The Trusty Oak Blog

Mastering the Art of Delegation

March 14, 2019

Delegation isn't something that comes naturally to most people.

Like other crucial leadership skills, delegation requires practice and strategy, and it's not something entrepreneurs excel at overnight.

It can be especially challenging when you begin delegating for the first time. Perhaps you've been a solopreneur for a while, diligently building your company and doing everything yourself. When your business grows and it's time to start delegating, it can be difficult to let go—after all, you've built the ship from scratch, and handing over the helm sounds risky.

Related: The Art of Delegation [watch]

With some practice and the right techniques, however, you can be delegating in no time. Here are some tips to get the most of out of your working relationships with assistants and employees to set yourself up for success as you continue to scale and grow your business. 

1. Communicate Your Expectations Right Away

Before you start on any project or begin a relationship with an assistant, it's vital to begin with setting expectations. There are several areas you'll want to focus on while setting expectations. 

  • Availability: How many hours a week do you expect your assistant or employee to be available? What hours do you want them to work? It's especially important if you're working with a remote worker or someone you won't be seeing in the office to make these availability expectations clear from the very beginning. Having this conversation early on will also help you ensure you're not wasting anyone's time: if their availability doesn't meet up with your needs, it's not a good fit.
  • Turnaround time: How quickly do you expect responses to emails, Slack messages, or phone calls? Some tasks may require quick turnaround times, while others can be completed within a window of time. Make sure your assistant knows what your expectations are here, and be sure to ask what they're able to provide, as well. 
  • Quality: The third thing you want to communicate clearly is your expectations for quality of work. Of course, quality can be a subjective thing to measure and expectations can vary widely. However, it's best if you take the time to show examples of the kind of product you'd like to see. Some projects may require a high level of detail, accuracy, and attention, while others will be lower-priority tasks. Be clear, and when in doubt, over-communicate what you'd like to see rather than leave it up to interpretation. 

2. Establish Guidelines for Communication

The second technique for efficient delegation is to set up communication guidelines with a tiered system. In other words, let your assistant know how you'd like to be communicated with based on the importance of the information.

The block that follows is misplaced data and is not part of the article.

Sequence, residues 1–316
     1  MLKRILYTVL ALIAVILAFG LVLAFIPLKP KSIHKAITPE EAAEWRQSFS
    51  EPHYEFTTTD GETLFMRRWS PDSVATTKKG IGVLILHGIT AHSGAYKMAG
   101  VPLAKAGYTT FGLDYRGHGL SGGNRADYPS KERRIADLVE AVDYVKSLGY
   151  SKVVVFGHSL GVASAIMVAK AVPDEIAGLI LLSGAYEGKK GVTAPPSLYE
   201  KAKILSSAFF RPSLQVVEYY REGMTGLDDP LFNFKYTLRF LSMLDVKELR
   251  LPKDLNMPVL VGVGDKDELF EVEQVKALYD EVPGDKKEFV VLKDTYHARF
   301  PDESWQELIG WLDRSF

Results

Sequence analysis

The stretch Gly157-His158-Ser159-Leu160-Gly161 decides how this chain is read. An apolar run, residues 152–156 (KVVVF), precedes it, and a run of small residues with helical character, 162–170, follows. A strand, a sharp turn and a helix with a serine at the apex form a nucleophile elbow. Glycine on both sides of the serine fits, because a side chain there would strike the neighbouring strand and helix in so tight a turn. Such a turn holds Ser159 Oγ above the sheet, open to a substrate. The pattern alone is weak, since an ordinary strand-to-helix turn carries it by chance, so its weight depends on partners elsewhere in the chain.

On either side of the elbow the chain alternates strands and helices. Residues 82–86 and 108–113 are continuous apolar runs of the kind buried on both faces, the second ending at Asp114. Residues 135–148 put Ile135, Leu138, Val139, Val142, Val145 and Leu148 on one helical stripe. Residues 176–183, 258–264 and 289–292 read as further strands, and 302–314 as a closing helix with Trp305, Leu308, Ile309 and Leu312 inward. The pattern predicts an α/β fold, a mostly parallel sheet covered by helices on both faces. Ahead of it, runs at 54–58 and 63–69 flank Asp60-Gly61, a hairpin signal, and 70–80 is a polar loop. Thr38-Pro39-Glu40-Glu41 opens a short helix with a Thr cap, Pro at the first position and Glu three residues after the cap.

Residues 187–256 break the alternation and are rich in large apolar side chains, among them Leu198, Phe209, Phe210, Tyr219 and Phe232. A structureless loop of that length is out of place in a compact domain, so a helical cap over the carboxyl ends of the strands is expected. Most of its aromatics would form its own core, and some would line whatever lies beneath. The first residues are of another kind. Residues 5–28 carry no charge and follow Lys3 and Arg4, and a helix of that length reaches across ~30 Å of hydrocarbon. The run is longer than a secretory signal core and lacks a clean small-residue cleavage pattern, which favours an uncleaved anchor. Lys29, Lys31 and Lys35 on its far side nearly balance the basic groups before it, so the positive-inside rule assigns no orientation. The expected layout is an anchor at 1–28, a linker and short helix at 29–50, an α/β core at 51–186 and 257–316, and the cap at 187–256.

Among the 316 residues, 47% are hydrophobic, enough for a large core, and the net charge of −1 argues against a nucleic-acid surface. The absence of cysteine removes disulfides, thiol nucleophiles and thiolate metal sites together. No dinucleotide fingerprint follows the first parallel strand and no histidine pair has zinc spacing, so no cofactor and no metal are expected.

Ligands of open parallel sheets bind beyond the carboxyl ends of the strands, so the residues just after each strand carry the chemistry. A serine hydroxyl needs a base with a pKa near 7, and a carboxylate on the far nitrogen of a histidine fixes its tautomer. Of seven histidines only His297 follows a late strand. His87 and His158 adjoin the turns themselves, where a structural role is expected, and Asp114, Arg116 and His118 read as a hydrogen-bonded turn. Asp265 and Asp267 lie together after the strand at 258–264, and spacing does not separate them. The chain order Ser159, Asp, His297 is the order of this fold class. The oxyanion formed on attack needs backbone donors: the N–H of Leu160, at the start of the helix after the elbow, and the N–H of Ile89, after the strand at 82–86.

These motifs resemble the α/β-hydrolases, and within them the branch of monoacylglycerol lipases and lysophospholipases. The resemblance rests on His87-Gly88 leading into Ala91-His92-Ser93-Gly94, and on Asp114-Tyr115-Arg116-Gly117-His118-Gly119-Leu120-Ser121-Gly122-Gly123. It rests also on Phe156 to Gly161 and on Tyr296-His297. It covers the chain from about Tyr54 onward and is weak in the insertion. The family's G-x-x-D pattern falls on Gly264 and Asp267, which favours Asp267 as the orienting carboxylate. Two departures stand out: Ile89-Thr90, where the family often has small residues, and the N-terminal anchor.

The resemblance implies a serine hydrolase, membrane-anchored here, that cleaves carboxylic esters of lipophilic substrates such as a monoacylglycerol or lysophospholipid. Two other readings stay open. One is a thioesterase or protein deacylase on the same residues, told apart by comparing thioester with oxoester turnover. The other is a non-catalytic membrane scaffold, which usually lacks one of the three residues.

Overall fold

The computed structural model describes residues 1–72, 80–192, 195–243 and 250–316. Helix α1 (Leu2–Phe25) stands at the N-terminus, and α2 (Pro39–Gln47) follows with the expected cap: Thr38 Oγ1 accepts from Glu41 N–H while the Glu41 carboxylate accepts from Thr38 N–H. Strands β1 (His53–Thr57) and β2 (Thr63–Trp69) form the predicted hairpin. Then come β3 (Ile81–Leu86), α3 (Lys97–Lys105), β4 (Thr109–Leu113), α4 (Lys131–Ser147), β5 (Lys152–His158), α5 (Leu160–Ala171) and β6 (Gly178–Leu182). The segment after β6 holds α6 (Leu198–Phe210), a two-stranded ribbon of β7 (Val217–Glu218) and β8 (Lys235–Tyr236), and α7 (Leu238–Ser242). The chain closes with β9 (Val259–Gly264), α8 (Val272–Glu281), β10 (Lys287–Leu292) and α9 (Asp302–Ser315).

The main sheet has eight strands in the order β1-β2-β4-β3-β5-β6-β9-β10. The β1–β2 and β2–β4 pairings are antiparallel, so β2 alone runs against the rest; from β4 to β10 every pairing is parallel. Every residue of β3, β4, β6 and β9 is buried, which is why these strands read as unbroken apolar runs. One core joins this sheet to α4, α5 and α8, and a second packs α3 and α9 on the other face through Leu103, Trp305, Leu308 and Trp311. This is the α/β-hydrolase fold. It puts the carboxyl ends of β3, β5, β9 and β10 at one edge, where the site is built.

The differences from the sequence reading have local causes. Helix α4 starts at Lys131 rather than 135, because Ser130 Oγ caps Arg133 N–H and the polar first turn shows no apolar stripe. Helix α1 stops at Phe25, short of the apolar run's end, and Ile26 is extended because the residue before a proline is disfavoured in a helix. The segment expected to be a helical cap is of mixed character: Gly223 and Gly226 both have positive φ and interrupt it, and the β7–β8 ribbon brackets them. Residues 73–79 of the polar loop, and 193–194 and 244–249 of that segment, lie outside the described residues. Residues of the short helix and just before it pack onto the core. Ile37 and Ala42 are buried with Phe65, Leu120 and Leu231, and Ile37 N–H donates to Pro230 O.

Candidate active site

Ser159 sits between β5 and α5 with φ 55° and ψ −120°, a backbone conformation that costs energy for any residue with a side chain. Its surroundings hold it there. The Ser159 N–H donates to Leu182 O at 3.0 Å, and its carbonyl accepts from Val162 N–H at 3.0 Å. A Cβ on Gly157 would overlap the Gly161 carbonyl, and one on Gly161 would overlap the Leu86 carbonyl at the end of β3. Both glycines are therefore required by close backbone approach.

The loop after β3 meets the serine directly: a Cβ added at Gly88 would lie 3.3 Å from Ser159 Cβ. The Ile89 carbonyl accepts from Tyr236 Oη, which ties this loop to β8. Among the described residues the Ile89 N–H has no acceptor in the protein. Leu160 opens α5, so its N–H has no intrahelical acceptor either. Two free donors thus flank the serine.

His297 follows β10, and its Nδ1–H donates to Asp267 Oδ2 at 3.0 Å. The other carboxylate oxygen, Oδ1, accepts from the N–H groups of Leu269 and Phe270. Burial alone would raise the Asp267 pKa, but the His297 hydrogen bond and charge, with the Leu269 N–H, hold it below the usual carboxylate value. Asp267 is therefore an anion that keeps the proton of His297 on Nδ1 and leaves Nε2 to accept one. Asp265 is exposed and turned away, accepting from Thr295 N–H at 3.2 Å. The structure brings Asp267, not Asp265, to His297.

You're probably going to be communicating often by email. However, there are dozens of other communication options like Slack, text messages, phone calls, project management software notifications, and more. Establish early on your preferred tiers of escalation for communication. For instance, email may be what you choose for day-to-day communication and matters of typical urgency. However, if an important issue comes up that requires a fast response, you may ask your assistant to respond or use Slack, text messages, or phone calls. 

You might tell your assistant, for example, "Let's use email and Slack for day-to-day communication, and you can tag me in Trello to keep me updated on our ongoing projects. If a client needs immediate assistance, however, text me and then call me if I don't respond within an hour." Make sure your assistant also knows what to expect from you: will you call to shoot the breeze, or will you reserve phone calls for time-sensitive communication? Whatever system you set in place, make sure it's mutually agreed-upon and clear. 

3. Be Willing to Collaborate

Finally, one of the most important things to do to ensure smooth delegation is to maintain a willingness to collaborate. I cannot stress enough the importance of this. 

When you hire an assistant, it's really easy to think, "I've arrived! Time to start offloading things from my plate—delegation is so amazing, I don't have to do these tasks anymore." The truth is far more complicated than that. Collaboration is the key ingredient that makes delegation work.

Collaboration is important on an ongoing basis, but it's essential when you're first getting started. I recommend going into the relationship knowing you'll need to collaborate and setting aside time to do just that. 

Collaboration Tools: Loom, Zoom, and Google Apps

Collaboration can be made more efficient with a few tools, particularly if you're working with a remote assistant. I recommend using Loom, a free screen recording app, to make collaborating easier. You can record training videos, give feedback, or share important information straight from your browser with Loom. Loom lets you work like you're sitting in the same room with someone and makes it easy to up your collaboration game. You can also use video conferencing tools for meetings such as Zoom, making it easier to share screens and work together on projects. 

Related: Use Loom to Create a Winning Culture Within Your Remote Company [watch]

Google apps such as Google Docs and Google Sheets are also ideal collaboration tools. Shared documents like this allow you to track changes, share comments, and tackle projects together, no matter where you are in the world. 

Need Help Delegating? We're Here. 

Delegation is hard, but we're in this together. With the right techniques and strategies, you'll become a delegation pro over time. 

Are you ready to get some work off your plate? 



About the Author

Amber Gray

Amber Gray is the founder & CEO of Trusty Oak, US-Based Virtual Assistant Services based in Austin, TX.
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